John, I was at CENTCOM for all of OIF. We had a plan, executed the plan and accomplished the goals. That isn't to say that things couldn't have been done better. I'll grant you that the SECDEF made mistakes and that some of our generals were lackluster (I claim no more than that myself). The enemy disrupted our efforts at the operational level but we got back on track. Our troops and, in fact, our whole force engaged at the tactical level in Iraq did a tremendous job throughout. One note on "whole of government". IMHO, I don't believe we can truly apply a whole of government approach to a significant conflict with the way our government is currently set up. I've worked on several whole of government initiatives and we have gotten better over time but a complete overhaul is required if we truly want to execute in that manner. Our government is set up to be inefficient. At a minimum, it will require that we re-work the way DoD, the CIA and DOS are configured. It would be best to include other parts of the government as well. The hardest part will be reconfiguring the committees in congress. You can imagine what that would take. From my point of view it boils down to unity of command - to borrow a military phrase - and even then, the concentration of power may not get us what we want. Until someone comes up with a better way I guess we'll continue with our Joint Interagency Coordination Groups and so on. Well, I've spent too much time and I didn't mean to go so far OT. In any case, keep up the good work - I enjoy your posts and read out loud the names of the MOH recipients. Take care.
 
 You sort of make my point.  The troops did fine.  The March Upcountry went as well as could be expected, because if there is one thing we do well, is smash an Army.  And that's where everything went south.  Because, like it or not, our post-MCO plan was a hope and a prayer - not based on a sound understanding of the situation going in.

As to your comments about government, I don't know how long you've been reading me, but I said going in, back in 2003 (I was not a fan) that this wasn't going to be the war we were going over there to fight, and that it was going to be the kind of war we actually suck at fighting.  And that I had no confidence the political leadership understood that, and that Rumsfeld wasn't going to be a good counterweight, because he was eager to show us how brilliant his ideas were.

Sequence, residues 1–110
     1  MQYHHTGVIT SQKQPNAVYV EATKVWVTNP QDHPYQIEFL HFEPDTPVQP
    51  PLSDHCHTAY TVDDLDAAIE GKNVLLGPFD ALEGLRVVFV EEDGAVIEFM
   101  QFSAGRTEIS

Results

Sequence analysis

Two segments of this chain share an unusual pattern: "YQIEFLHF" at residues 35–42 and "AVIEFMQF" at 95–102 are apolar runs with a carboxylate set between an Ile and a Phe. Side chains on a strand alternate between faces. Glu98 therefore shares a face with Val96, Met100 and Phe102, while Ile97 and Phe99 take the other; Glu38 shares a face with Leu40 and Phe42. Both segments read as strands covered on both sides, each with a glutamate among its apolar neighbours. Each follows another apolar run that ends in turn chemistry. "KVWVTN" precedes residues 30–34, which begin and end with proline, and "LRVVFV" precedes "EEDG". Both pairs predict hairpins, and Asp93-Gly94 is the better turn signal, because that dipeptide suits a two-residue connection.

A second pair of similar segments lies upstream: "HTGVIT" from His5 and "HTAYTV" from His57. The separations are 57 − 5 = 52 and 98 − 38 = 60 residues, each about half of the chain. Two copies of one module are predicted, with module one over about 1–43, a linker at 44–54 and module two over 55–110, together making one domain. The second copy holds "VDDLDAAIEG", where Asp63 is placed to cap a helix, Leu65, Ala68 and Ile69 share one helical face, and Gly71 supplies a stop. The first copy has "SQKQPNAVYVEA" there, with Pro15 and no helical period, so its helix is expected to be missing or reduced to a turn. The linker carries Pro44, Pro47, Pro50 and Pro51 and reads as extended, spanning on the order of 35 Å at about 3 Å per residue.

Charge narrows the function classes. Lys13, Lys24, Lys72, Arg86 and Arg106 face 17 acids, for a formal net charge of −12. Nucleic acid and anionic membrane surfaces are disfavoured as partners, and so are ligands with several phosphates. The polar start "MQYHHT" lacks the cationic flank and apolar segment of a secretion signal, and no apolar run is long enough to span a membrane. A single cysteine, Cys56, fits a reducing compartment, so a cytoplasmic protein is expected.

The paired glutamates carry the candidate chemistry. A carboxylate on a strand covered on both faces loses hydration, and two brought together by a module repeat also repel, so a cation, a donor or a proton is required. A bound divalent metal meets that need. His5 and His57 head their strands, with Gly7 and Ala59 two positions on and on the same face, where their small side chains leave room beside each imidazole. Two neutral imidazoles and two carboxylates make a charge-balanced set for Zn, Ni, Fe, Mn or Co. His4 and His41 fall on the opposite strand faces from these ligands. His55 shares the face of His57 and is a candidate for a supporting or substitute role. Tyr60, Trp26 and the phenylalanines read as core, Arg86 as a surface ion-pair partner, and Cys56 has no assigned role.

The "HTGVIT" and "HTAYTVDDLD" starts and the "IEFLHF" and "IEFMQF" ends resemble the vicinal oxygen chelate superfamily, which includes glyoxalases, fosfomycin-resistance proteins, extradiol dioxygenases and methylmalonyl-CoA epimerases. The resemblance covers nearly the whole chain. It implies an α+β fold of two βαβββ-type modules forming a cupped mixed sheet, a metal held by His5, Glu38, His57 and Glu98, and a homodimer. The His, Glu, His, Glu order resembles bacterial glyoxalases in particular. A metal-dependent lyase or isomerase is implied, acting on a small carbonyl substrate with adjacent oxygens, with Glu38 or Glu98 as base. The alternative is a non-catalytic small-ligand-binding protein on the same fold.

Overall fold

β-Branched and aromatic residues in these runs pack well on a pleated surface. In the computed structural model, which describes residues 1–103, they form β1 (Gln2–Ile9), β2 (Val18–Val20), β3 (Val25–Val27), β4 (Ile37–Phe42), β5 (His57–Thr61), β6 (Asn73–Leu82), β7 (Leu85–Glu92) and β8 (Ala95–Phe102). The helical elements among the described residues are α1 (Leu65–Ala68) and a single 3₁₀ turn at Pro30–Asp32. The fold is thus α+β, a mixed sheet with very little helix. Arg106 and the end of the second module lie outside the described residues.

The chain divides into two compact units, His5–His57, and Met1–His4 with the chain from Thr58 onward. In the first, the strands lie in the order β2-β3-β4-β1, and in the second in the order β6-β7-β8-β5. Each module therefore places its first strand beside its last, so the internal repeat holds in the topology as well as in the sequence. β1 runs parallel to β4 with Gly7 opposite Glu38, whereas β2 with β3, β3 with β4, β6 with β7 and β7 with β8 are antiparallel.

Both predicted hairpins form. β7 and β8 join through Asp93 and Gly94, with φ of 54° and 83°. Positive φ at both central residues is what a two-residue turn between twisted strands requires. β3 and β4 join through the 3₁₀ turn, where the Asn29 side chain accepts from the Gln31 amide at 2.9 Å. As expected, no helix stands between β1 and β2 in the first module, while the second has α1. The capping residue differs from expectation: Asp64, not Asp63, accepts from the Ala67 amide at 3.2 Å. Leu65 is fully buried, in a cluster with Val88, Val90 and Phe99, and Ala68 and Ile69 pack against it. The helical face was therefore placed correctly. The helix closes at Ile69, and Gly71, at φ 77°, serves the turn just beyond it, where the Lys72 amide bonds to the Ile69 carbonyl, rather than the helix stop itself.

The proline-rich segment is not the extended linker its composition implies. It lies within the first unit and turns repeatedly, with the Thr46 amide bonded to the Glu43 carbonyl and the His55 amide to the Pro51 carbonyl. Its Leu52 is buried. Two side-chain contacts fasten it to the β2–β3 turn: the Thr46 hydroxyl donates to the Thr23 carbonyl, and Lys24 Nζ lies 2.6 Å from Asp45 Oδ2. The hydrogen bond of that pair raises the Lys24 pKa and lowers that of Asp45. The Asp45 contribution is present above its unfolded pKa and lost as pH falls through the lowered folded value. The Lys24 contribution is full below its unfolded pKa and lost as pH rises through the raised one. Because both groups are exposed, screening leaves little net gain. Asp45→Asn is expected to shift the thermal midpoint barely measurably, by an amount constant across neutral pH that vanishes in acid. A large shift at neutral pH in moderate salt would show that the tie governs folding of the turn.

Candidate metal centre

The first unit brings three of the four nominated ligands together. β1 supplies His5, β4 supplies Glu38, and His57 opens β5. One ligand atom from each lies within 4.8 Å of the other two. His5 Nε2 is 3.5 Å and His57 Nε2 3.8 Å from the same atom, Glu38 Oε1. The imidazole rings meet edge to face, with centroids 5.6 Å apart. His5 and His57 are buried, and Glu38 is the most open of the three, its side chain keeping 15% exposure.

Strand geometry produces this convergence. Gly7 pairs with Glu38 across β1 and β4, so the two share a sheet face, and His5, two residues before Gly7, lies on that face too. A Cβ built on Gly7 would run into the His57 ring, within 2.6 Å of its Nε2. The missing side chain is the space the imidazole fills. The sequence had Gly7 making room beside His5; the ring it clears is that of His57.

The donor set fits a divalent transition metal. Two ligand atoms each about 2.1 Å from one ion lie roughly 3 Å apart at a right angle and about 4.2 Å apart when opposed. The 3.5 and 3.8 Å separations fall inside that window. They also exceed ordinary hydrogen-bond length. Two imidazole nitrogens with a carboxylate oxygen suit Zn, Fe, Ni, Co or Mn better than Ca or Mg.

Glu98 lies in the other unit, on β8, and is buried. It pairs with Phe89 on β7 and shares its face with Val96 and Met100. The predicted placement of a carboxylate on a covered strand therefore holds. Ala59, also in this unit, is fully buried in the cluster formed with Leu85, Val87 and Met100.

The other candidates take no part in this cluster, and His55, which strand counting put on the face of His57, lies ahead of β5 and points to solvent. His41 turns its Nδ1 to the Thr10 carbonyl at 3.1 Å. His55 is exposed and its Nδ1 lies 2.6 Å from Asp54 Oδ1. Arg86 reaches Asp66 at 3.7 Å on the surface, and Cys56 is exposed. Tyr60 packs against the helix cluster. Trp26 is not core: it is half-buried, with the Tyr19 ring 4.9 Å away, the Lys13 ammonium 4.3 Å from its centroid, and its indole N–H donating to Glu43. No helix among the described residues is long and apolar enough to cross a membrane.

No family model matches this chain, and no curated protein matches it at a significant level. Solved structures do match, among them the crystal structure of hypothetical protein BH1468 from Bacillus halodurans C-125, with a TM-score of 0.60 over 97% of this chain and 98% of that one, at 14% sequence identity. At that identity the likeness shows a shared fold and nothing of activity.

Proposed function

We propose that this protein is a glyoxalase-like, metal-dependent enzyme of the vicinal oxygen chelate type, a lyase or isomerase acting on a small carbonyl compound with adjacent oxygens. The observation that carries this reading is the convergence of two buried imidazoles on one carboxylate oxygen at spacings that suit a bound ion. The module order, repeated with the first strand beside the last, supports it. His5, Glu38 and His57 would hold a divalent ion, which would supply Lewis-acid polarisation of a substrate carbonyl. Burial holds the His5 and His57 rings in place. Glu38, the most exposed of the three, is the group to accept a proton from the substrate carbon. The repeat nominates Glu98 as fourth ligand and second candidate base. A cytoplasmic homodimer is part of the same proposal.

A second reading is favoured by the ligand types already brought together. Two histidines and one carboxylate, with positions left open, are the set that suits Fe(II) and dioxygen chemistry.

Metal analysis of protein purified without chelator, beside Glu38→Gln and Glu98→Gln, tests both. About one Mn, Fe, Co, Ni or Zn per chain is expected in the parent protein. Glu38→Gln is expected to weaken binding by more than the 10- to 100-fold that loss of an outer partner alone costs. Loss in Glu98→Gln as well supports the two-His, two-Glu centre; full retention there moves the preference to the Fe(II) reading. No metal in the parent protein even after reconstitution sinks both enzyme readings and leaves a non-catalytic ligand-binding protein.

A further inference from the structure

I wasn't, and haven't, criticised the performance of the troops.  But the senior leadership, military and civilian, failed, and we're not held to account.  


I stand by my earlier assessment.  We did it wrong, we did flex and adapt, but we were embarking on a Brit-style (think India) cultural hard-core that this nation does not have the gumption for.  And that last isn't a complaint.  It's an observation.  Because I don't think reporting ourselves into a U.S. version of a Brit-style Victorian/Edwardian/Georgian government is a good idea.



 


 
 
Vice the no-plan dicussion, I once took the time to examine the troops to civilians ratio of effective occupations, and was shocked to see we used something like one-tenth the needed troops to effectively occupy Iraq.

I also recall Pournelle's statement that we really screwed up by disbanding the Iraq Army. His point was that civil order trumped de-Baathifying the armed forces. Then again, he opposed the invasion in the first place. :-/

Some of the approaches suggested in Stephan's article might be useful, such as winning confidence amongst minorities, and addressing corruption, etc. What concerns me there is that we might have to genuinely occupy the country in order to get the locals to listen. They aren't naturally corrupt, but the past several thousand years of life experience has taught them that they can trust themselves, their family, their clan, and their tribe. In that order. Anyone outside of those circles is either an enemy or a target.

For those who love them some JDAM, I'll point out you need troops on the ground to ID targets, and there we go again! Unless, of course, you follow the "kill them all; God will know his own" approach, at which point I have to wonder who's worse. Not to mention wonder why we're there in the first place, if all we do is race ISIL to see who can kill more, faster.